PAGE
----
Let’s get back to the font itself. I’m not in love with the 8×8 aesthetic; what are my other options? I do like the text in Oracle of Ages, so let’s have a look at that:
Ah, this is the same approach again, except that letters are now allowed to peek up into the char above. So these are 8×16, but the letters all occupy a box that’s more like 6×9, offering much more familiar proportions. Oracle of Ages is designed for the Game Boy Color, which has twice as much char storage space, so it makes sense that they’d take advantage of it for text like this.
It’s not bad, but the space it affords is still fairly… limited. Only 16 letters will fit in a line, just as with Pokémon, and that means a lot of carefully wording things to be short and use mostly short words as well. That’s not gonna cut it for the amount of dialogue I expect to have.
(You may be wondering, as I did, how Oracle pulled off this grid-aligned textbox. In small buildings and the overworld, each room is exactly the size of the screen, so there’s no scrolling and no worry about misaligned text. But how does the game handle showing text inside a dungeon, where a room is bigger than the screen and can scroll freely? The answer is: it doesn’t! The textbox is just placed as close as possible to the position shown in this screenshot, so the edges might be misaligned by up to 4 pixels. In 20 years, I never noticed this until I thought to check how they were handling it. I’m sure there’s a lesson, here.)
What other options do I have? It seems like I’m limited to multiples of 8 here, surely. (The answer may be obvious to some of you, but shh, don’t read ahead.)
The answer lies in the very last game released for the Game Boy Color: Harry Potter and the Chamber of Secrets. Whatever deep secrets were learned during the Game Boy’s lifetime will surely be encapsulated within this, er, movie tie-in game.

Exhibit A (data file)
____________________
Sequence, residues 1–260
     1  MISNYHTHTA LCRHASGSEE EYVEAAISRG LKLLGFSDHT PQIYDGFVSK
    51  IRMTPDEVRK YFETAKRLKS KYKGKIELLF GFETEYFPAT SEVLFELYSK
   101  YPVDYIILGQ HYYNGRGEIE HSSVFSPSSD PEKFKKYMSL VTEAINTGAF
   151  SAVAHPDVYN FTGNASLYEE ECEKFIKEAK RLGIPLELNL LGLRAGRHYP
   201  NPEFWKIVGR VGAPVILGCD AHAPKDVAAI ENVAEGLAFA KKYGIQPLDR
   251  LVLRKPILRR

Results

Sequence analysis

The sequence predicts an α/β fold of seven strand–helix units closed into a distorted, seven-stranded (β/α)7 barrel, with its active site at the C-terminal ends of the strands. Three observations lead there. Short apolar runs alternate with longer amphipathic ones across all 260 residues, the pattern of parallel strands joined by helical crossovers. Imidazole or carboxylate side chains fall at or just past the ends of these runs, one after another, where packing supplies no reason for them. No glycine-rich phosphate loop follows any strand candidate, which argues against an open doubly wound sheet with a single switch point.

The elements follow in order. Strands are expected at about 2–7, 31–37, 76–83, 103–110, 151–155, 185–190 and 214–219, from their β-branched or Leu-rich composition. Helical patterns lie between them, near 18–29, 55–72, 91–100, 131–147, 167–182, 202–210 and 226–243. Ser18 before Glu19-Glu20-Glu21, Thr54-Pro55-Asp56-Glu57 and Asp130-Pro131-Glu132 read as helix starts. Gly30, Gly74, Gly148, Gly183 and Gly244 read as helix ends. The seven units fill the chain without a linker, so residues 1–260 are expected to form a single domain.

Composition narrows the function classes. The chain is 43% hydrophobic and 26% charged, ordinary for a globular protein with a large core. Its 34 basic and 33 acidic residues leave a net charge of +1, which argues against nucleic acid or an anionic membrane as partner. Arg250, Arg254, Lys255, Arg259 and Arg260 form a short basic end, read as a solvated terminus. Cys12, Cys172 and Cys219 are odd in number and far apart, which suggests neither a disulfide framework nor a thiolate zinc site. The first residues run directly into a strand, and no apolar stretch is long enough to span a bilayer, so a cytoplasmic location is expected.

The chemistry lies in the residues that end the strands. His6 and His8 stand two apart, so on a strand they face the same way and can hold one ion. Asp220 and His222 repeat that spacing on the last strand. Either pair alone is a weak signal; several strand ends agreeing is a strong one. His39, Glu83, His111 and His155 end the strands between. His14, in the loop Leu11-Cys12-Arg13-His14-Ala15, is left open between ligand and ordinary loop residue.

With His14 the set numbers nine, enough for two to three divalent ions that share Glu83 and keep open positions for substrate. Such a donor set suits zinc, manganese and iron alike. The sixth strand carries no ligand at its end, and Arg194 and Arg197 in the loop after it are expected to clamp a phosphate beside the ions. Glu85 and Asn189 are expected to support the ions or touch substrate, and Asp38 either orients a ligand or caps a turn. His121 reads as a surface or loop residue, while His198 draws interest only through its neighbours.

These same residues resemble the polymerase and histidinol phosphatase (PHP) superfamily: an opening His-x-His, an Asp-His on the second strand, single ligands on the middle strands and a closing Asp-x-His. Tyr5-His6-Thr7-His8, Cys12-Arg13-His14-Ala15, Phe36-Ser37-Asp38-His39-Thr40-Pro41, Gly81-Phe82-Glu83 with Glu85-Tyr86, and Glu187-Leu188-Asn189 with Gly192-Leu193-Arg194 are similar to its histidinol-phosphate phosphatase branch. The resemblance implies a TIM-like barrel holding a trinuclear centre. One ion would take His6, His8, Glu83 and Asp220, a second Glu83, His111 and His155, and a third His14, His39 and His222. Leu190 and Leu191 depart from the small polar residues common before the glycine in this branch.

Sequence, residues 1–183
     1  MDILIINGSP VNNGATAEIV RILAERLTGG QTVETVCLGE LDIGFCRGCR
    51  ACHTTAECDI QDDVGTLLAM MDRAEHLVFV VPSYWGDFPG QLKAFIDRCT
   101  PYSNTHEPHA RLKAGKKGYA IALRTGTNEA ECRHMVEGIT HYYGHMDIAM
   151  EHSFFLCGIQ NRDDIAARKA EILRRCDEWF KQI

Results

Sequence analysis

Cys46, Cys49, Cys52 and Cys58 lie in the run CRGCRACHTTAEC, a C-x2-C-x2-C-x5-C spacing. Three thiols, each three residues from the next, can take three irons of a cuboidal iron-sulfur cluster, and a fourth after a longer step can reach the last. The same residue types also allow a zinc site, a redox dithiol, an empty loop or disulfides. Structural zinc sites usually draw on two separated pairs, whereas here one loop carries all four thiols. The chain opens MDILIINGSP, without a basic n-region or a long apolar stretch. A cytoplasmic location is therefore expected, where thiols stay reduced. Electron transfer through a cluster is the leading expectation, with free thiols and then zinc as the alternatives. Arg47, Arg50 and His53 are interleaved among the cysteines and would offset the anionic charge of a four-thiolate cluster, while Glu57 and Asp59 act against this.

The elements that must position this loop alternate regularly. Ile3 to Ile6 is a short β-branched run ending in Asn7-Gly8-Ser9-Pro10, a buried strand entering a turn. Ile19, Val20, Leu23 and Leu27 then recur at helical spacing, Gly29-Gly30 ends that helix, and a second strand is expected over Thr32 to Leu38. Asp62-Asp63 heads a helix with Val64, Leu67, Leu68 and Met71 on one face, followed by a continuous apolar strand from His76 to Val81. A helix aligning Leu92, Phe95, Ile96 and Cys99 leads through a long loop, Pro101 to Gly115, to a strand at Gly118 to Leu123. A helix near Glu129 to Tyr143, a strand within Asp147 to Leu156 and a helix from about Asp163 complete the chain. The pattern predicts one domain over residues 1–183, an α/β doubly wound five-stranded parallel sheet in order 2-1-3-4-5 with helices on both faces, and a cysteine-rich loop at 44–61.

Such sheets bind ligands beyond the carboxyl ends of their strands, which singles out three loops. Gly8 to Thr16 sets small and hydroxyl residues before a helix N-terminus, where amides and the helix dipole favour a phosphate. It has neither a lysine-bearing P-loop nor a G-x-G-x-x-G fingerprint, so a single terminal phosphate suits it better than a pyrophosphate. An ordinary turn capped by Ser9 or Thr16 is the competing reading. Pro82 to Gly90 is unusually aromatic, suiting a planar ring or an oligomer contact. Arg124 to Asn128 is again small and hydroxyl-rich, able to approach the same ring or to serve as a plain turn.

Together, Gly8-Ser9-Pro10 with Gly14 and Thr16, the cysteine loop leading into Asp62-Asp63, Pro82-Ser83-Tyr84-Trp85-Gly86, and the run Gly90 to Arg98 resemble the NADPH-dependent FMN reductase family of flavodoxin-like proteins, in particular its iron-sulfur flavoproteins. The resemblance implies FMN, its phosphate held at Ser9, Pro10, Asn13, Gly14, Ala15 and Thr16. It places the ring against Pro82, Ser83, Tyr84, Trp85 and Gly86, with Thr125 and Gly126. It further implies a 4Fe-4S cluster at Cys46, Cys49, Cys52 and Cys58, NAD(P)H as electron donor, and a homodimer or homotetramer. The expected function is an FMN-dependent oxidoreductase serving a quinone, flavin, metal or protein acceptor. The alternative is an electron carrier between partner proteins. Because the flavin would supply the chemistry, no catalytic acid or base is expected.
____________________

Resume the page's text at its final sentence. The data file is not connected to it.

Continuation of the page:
Hot damn. That is a ton of text in a relatively small amount of space! And it doesn’t fit the grid! How did they do that?
The answer is… exactly how you’d think!
With a fixed-width font like in Pokémon and Zelda games, the entire character set is stored in VRAM, and text is drawn by drawing a string of characters. With a variable-width font like in Harry Potter, a block of VRAM is reserved for text, and text is drawn into those chars, in software. Essentially, some chars are used like a canvas and have text rendered to them on the fly. The contents of the background layer might look like this in the two cases:
Some pros of this approach:
Since the number of chars required is constant and the font is never loaded directly into char memory, the font can have arbitrarily many glyphs in it. Multiple fonts could be used at the same time, even. (Of course, if you have more than 256 glyphs, you’ll have to come up with a multi-byte encoding for actually storing the text…)
A lot more text can fit in one line while still remaining readable.
It has the potential to look very cool. I definitely want to squeeze every last drop of fancy-pants graphical stuff that I can from this hardware.